Obama- Inspired Hope Goes Only so Far in Kenya

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via LA Times

Reporting from Kobama, Kenya — He’s from the same family that produced President-elect Barack Obama. He shares many of the same hopes and dreams. He’s even got the same name.

This Barack Obama, 26, a cousin who was named after the president-elect’s Kenyan father, was elated when someone with African roots rose to the world’s most powerful job.

“I felt I could do anything,” said the lanky student, whose buddies now call him “the President” after his famous U.S. relative. “I felt anything is possible.”

There is no question the U.S. president-elect’s victory has encouraged countless Africans to reach for new heights. But as the euphoria over his election begins to fade here, young Africans are beginning to see his inspirational story as bittersweet. Continue reading

Facebook’s War on Nipples

via Time

The breast-feeding wars have long followed a familiar pattern. A woman gets thrown off a plane for nursing her toddler; she sues Delta. Barbara Walters says sitting next to a breast-feeding woman made her “uncomfortable”; ABC’s headquarters get surrounded by 200 women staging a “nurse-in.” Maggie Gyllenhaal is photographed nursing her daughter in public; tabloids rush to either praise her as a role model or tell her to throw a blanket over her shoulder.

The sides have been distinct: breast-feeding advocates insist that women should be able to nurse anytime, anyplace, while opponents use words like discretion and discomfort. But the latest battle apparently has nothing to do with the best way to nourish a baby or the boundaries between private and public. It’s about the nipples, stupid. breastfeeding

Facebook has drawn a line in the sand by removing any photos it deems obscene, including those containing a fully exposed breast, which the site defines as “showing the nipple or areola.” In other words, plunging necklines or string bikinis are fine — just no nips. The purging of bare-boob pics began last summer and has swept up, alongside any girls gone wild, a growing number of proud — and very ticked-off — breast feeders. (Read about giving birth at home.)

On Dec. 27, some 11,000 protesters held a virtual nurse-in by uploading breast-feeding photos onto their Facebook profiles, and 20 or so women showed up at the company’s headquarters in Palo Alto, Calif., to breast-feed there. By Dec. 30, more than 85,000 members had joined a Facebook group called “Hey, Facebook, breastfeeding is not obscene!” Continue reading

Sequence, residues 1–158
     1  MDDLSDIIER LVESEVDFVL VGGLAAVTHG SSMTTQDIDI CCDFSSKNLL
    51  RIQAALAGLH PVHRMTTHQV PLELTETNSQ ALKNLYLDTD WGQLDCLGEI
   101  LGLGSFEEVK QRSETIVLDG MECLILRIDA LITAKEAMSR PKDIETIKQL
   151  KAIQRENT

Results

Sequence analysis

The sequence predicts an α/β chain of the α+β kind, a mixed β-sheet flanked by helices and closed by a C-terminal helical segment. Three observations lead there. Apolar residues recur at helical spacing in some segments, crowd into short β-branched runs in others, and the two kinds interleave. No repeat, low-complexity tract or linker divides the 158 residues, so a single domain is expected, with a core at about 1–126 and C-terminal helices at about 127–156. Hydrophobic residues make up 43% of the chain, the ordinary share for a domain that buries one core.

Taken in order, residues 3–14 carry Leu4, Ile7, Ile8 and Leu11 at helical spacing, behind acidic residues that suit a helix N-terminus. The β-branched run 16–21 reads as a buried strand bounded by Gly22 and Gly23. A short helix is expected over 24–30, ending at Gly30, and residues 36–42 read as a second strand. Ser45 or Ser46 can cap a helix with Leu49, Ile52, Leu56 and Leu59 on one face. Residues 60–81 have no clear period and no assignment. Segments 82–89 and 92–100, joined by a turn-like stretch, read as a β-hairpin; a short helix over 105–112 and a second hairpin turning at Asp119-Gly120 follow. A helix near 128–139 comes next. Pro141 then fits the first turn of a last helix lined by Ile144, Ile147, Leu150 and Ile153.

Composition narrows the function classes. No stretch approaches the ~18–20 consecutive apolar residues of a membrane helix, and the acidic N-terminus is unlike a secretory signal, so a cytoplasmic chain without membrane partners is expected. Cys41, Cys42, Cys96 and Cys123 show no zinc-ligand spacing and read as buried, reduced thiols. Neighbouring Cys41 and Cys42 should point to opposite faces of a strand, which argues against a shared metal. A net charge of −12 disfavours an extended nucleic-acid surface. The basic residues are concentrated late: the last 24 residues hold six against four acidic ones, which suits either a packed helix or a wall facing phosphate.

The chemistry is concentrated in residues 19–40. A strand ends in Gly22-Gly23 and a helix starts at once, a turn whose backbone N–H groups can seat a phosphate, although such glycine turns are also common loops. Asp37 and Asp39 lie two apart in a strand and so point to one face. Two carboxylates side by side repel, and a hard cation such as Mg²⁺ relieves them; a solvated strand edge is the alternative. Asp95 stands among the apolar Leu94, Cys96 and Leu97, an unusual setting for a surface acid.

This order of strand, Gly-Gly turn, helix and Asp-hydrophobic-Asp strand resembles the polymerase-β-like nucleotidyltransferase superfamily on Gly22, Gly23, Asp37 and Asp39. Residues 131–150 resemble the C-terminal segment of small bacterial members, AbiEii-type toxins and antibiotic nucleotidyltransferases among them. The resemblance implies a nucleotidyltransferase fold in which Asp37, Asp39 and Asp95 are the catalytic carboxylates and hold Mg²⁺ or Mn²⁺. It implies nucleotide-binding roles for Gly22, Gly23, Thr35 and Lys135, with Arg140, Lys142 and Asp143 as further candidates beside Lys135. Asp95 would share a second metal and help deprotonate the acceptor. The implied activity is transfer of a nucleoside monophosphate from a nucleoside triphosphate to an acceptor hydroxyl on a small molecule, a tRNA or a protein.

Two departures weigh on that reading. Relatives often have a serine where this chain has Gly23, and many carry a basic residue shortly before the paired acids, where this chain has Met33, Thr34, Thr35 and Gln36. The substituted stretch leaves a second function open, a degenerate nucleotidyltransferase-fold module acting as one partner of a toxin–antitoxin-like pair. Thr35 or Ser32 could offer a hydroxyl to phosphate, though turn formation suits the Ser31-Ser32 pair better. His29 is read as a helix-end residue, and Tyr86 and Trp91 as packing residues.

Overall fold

Users Baffled as Zune MP3 Players Freeze Up

via CNN

(CNN) — Baffled consumers are griping about a mysterious glitch that appeared to cause thousands of Zune music players to simultaneously stop working late Tuesday and early Wednesday.zune_gi

Internet message boards have been flooded with complaints about Zune’s 30GB models freezing, prompting Y2K-like speculation about end-of-year hardware or software problems.

Other users report their Zunes reboot but freeze when the startup status bar reaches 100 percent. A post on Zune.net titled “Help-frozen zune!!!!” had attracted more than 19,000 comments by Wednesday afternoon.

Some Zune users have dubbed the crisis “Y2K9” or “Z2K9,” a reference to New Year’s Eve and concerns over potential widespread computer failures on January 1, 2000 — fears that proved unfounded.

Zune users were still trying to discover the cause of the problem Wednesday afternoon. Continue reading

Is Recession Behind Spike in Bank Robberies?

via CNN

NEW YORK (CNN) — A rash of bank robberies in New York has the city’s police commissioner worried that criminals have turned banks into “virtual cash machines” and some wondering whether tough economic times are fueling the trend.art_robbery_nypd

On Monday alone, robbers targeted five banks in the Big Apple, some striking in broad daylight and near famous landmarks.

Police called the incidents unrelated, but they’re just the latest examples of the growing tally of hold-ups.

Bank robberies in New York have risen 54 percent compared with last year, with criminals committing more than 430 in the past 12 months, according to the New York police department. Continue reading